Syngenta denied repeated requests for interviews, but Ann Bryan, its senior manager for external communications, told me in an e-mail that some of the studies I was citing were unreliable or unsound. When I mentioned a recent paper in the American Journal of Medical Genetics, which showed associations between a mother’s exposure to atrazine and the likelihood that her son will have an abnormally small penis, undescended testes, or a deformity of the urethra—defects that have increased in the past several decades—she said that the study had been “reviewed by independent scientists, who found numerous flaws.” She recommended that I speak with the author of the review, David Schwartz, a neuroscientist, who works for Innovative Science Solutions, a consulting firm that specializes in “product defense” and strategies that “give you the power to put your best data forward.” Schwartz told me that epidemiological studies can’t eliminate confounding variables or make claims about causation. “We’ve been incredibly misled by this type of study,” he said.

In 2012, in its settlement of the class-action suits, Syngenta agreed to pay a hundred and five million dollars to reimburse more than a thousand water systems for the cost of filtering atrazine from drinking water, but the company denies all wrongdoing. Bryan told me that “atrazine does not and, in fact, cannot cause adverse health effects at any level that people would ever be exposed to in the real-world environment.” She wrote that she was “troubled by a suggestion that we have ever tried to discredit anyone. Our focus has always been on communicating the science and setting the record straight.” She noted that “virtually every well-known brand, or even well-known issue, has a communications program behind it. Atrazine’s no different.”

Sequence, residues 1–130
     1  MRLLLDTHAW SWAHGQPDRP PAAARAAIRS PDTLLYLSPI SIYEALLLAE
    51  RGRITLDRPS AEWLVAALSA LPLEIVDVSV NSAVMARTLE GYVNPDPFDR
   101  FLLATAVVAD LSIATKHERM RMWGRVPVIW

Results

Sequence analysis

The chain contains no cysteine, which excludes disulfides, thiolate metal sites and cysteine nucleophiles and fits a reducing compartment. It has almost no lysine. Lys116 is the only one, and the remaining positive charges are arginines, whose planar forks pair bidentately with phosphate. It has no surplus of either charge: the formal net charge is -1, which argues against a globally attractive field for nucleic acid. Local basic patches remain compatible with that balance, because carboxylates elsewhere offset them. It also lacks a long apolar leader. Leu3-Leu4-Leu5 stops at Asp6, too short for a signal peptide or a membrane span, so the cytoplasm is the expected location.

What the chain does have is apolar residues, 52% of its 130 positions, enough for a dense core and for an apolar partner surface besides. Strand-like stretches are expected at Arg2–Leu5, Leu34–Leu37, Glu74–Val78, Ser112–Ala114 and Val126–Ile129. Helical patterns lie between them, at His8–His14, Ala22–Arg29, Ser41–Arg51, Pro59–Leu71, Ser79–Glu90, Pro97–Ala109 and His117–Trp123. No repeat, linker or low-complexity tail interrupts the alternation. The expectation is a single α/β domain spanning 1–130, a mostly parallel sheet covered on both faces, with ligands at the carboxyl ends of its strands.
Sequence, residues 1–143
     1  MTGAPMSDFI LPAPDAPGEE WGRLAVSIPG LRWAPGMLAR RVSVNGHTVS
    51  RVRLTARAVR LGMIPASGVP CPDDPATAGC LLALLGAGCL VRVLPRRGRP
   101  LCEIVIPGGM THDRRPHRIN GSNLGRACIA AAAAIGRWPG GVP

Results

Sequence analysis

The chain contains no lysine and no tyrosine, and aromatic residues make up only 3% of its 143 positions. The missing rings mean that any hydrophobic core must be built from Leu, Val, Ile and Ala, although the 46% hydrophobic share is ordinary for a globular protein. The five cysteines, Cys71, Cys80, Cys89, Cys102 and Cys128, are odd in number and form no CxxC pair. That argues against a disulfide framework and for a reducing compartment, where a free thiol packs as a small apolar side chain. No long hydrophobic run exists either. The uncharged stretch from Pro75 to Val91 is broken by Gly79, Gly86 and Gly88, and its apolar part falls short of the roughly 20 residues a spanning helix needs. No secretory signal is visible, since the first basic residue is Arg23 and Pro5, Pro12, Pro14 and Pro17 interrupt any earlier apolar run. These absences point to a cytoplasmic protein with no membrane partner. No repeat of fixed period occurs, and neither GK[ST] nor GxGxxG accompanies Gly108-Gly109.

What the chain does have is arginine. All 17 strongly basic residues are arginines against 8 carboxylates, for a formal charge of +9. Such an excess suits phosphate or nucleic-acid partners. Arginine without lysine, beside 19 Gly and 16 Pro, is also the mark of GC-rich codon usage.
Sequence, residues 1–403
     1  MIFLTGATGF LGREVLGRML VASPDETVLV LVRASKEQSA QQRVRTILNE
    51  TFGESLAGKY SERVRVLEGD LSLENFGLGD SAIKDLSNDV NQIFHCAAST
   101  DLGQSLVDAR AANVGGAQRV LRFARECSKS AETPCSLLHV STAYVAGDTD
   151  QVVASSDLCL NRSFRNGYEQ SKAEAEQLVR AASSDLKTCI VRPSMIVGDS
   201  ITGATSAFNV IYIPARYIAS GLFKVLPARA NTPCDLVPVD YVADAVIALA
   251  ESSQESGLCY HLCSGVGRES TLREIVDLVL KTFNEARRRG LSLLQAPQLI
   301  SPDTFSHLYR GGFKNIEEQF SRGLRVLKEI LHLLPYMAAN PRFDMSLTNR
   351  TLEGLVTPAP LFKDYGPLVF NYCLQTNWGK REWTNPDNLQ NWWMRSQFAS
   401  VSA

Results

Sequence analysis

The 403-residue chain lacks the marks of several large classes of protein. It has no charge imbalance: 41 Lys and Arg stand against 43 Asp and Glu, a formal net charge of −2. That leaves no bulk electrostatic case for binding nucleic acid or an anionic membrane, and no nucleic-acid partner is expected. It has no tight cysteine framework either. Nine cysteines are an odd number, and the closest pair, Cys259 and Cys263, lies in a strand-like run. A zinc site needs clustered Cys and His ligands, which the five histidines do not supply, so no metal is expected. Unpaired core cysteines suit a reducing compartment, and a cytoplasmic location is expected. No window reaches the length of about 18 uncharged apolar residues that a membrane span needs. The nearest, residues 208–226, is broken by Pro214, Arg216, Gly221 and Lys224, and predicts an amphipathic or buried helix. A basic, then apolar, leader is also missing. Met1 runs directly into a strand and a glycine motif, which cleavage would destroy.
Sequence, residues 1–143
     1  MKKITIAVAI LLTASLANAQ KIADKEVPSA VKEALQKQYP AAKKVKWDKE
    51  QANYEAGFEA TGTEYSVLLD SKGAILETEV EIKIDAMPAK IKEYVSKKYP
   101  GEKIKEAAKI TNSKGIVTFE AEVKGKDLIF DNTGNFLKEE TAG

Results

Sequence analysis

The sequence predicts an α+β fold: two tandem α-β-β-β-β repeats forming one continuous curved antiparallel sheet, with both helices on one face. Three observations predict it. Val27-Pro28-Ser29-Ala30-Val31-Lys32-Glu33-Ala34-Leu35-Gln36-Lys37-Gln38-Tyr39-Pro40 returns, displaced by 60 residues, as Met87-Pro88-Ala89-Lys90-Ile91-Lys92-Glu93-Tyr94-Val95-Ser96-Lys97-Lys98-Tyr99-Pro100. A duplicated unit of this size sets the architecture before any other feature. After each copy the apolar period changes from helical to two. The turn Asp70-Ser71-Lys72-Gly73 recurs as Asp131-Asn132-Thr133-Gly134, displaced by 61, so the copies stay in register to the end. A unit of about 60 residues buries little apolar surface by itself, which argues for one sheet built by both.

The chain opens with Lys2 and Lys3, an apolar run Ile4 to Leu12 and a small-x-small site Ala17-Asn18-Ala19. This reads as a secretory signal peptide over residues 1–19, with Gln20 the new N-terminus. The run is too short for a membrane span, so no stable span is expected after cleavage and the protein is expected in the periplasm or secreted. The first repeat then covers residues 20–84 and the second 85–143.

Haynes

Tyrone Haynes

See the whole article at –

http://www.newyorker.com/magazine/2014/02/10/a-valuable-reputation

How does atrazine compare to glyphosate (Monsanto’s choice)?

Glyphosate (commonly sold as RoundUp) will kill everything. Atrazine will kill much of what it touches but in small amounts.

However, there is hope for the future.

In an update from Sustainable Pulse in a March 24, 2016 article:

“The Environmental Protection Agency will analyze the impacts of atrazine and glyphosate — the two most commonly used pesticides in the United States — on 1,500 endangered plants and animals in the United States under the terms of a settlement reached today with the Center for Biological Diversity. The EPA will also analyze the impacts of propazine and simazine, two pesticides that are chemically similar to atrazine. It has committed to completing the assessments by June 2020” – from http://sustainablepulse.com/2015/06/28/epa-forced-to-study-impact-of-atrazine-and-glyphosate-on-us-endangered-species/#.VvRLnVKerBU

Although the EPA assessment results are years away, we are becoming more aware of the dangers of atrazine and other pesticides thanks to Tyrone Haynes and other scientists who have spoken out for years about the results of their experiments.

Healthy plants grown in healthy ways - at the UGA sustainable farm in Costa Rica

Healthy plants grown in healthy ways – at the UGA sustainable farm in Costa Rica

Learn about the food you buy for your family.  Let’s make good choices.

Aloha, Renée

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About reneeriley